"Some of the most charming regions in the world are continually exposed to horrible disasters like that which has fallen upon the vineclad Island of Ischia.  This island where the dead bodies of thousands who were living and happy on Saturday evening are now lying crushed under the ruins of houses, hotels, and public buildings, lies only 20 miles from the beautiful Bay of Naples.  Its people cultivate the grape, or are engaged in fishing, but the fame of its springs of cold and of warm mineral waters draws thousands of tourists and invalids to its shores every year.    The medicinal baths were near the town of Casamicciola, where scarcely a house has been left standing, and upon the sloping hillsides were hundreds of villas occupied by wealthy families, whose homes are in Naples or elsewhere on the mainland.   The villas of the rich and the houses of the poor are now in ruins, and the bodies of the occupants are either awaiting identification or still buried under fallen stones and timbers.   An earthquake is not a rare visitor in Ischia, for nearly 800 houses in the town that has now ceased to exist were destroyed with 100 lives, two years ago by two shocks, the second following the first after an interval of eleven days."

After years of investigation very little is known about the causes of these movements of the earth's surface.  The most diligent student of seismology is forced to confine his inquiry almost entirely to the results, although he may indulge in speculation more or less interesting concerning the origin of the fatal disturbance.  If we assume that slight shocks, felt over a small area, are caused by the fall of roofs of great cavities far below the surface, we cannot account in the same way for the mighty earthwaves that shook down the housewalls of Lisbon in 1755 and brought death to 60,000 persons, for these waves, spreading from Lisbon as a center were felt over the Continent of Europe and by ships far out at sea.  The shocks continued for many days.  It may be that modern seismologists are right in describing an earthquake as a vibratory motion propagated through the solid material of the earth, and proceeding from concussion or a sudden blow delivered underground at some centre of impulse; but what is the blow or the act that starts the vibration?  Is it the force of steam escaping from a rocky prison, after it has been formed by the admission of surface water through fissures to the heated or molten matter supposed by some to be under the earth's crust?  The arguments of some eminent scientific men tend to overthrow the doctrine that the earth has a liquid core, but the steam theory seems to be one of the most reasonable of those by which attempts have been made to account for volcanic action.  Whatever may be said, however, about the probable origin and cause ofthe shock, it is very plain that the most careful investigation will yield no facts that can serve to warn or protect the people.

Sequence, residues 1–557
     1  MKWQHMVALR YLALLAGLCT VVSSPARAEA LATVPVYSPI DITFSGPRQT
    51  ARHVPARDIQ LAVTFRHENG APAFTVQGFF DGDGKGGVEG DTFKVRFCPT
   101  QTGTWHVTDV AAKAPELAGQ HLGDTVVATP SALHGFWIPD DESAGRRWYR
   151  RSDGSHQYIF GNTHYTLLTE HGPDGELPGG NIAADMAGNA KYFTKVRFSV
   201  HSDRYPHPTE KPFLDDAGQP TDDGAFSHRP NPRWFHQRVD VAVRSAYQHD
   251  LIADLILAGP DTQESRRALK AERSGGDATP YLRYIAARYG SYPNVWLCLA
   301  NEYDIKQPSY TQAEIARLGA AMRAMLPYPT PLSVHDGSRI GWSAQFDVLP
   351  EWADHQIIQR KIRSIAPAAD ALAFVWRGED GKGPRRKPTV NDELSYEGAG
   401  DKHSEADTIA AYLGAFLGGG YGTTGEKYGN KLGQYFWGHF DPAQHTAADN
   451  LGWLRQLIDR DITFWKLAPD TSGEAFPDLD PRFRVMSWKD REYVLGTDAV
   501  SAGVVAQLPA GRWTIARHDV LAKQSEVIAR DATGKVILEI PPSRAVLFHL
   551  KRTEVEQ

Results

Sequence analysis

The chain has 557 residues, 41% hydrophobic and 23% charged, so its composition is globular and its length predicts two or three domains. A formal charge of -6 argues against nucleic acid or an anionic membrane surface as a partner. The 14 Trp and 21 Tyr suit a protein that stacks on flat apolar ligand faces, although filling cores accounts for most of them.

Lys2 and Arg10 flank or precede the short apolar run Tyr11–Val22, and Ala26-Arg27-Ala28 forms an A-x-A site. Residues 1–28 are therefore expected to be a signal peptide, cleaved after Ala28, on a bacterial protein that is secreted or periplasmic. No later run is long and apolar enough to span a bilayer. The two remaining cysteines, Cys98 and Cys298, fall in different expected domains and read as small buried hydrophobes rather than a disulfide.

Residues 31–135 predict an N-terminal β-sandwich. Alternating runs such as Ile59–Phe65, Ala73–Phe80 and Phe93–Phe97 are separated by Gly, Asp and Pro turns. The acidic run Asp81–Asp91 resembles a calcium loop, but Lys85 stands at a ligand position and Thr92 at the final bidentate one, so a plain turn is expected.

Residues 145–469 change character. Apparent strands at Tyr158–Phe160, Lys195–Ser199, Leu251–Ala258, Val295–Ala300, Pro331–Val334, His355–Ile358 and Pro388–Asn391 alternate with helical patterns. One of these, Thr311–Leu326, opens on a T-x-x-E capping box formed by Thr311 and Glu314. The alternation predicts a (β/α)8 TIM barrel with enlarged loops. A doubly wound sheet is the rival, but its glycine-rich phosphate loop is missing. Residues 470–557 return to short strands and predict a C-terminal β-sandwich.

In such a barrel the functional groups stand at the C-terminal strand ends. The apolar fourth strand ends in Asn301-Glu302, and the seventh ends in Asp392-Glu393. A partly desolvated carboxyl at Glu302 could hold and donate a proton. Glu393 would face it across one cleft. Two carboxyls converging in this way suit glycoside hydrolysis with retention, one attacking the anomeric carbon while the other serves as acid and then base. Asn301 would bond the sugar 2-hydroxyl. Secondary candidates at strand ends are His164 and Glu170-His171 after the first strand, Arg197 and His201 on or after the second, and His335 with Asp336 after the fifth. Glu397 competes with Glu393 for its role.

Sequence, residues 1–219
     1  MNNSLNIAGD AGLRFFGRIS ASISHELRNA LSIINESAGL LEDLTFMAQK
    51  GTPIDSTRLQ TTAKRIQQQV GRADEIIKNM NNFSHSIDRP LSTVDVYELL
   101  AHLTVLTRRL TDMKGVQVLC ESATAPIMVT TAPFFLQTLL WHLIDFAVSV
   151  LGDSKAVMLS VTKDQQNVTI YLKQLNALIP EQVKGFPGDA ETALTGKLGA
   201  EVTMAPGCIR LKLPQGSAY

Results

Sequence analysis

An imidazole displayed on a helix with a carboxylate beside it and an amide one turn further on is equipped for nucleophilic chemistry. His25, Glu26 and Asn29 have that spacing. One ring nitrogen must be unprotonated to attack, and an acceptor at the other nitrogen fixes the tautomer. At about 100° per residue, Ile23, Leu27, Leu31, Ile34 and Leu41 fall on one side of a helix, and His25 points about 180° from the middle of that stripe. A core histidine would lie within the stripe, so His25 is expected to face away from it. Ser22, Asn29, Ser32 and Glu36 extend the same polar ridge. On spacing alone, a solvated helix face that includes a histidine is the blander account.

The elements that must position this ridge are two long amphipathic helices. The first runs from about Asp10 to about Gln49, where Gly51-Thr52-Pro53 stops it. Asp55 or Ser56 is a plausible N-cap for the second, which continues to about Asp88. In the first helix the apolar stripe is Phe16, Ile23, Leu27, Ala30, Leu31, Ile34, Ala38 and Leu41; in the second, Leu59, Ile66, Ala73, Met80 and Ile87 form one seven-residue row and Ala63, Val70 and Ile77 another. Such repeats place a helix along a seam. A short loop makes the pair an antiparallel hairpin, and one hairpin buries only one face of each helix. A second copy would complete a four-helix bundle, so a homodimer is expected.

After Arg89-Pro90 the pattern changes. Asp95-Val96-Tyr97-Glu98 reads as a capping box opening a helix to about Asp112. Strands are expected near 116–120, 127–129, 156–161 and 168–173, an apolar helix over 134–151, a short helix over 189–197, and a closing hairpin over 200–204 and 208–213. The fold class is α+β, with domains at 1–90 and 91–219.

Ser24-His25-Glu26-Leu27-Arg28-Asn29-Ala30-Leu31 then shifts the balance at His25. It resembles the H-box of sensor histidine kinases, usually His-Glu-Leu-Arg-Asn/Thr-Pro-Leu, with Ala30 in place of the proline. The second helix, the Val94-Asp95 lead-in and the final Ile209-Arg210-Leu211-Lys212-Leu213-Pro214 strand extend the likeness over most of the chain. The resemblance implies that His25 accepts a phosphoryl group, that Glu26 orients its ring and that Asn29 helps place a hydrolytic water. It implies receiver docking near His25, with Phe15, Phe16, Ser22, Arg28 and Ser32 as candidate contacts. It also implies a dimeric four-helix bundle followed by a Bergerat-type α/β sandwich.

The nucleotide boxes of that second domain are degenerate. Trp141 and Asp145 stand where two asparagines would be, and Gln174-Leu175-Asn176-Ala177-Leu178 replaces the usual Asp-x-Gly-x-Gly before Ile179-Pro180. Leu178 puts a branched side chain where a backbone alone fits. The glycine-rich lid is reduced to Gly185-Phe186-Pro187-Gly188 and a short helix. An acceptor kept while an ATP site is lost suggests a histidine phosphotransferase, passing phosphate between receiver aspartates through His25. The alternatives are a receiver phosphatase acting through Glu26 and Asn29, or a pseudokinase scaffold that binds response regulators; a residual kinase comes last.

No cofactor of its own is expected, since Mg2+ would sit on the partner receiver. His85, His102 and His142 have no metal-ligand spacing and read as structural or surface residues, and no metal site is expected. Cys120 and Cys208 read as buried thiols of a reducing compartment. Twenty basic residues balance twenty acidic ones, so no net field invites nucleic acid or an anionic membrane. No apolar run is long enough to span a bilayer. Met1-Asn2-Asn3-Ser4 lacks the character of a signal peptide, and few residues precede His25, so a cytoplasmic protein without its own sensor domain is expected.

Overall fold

When the vibrations proceed from a centre of impulse that is under the sea, a water wave as well as an earth wave is sometimes generated.  This water wave rolls in upon the shore after the earth shock has been felt and may engulf those who have escaped from falling buildings.  The water wave was 60 feet high at Lisbon, and the great waves that swept away so many lives, a few years ago on the western coast of South America was another example of this movement of the sea.  It does not appear that such a wave accompanied the earthquake at Ischia, and this may support the theory advanced that Prof. Palmieri, who is of opinion that the shock was caused by a subsidence of the surface. Due perhaps to the breaking of some mighty arched roof in the bowels of the earth.


APRIL 2O, 1884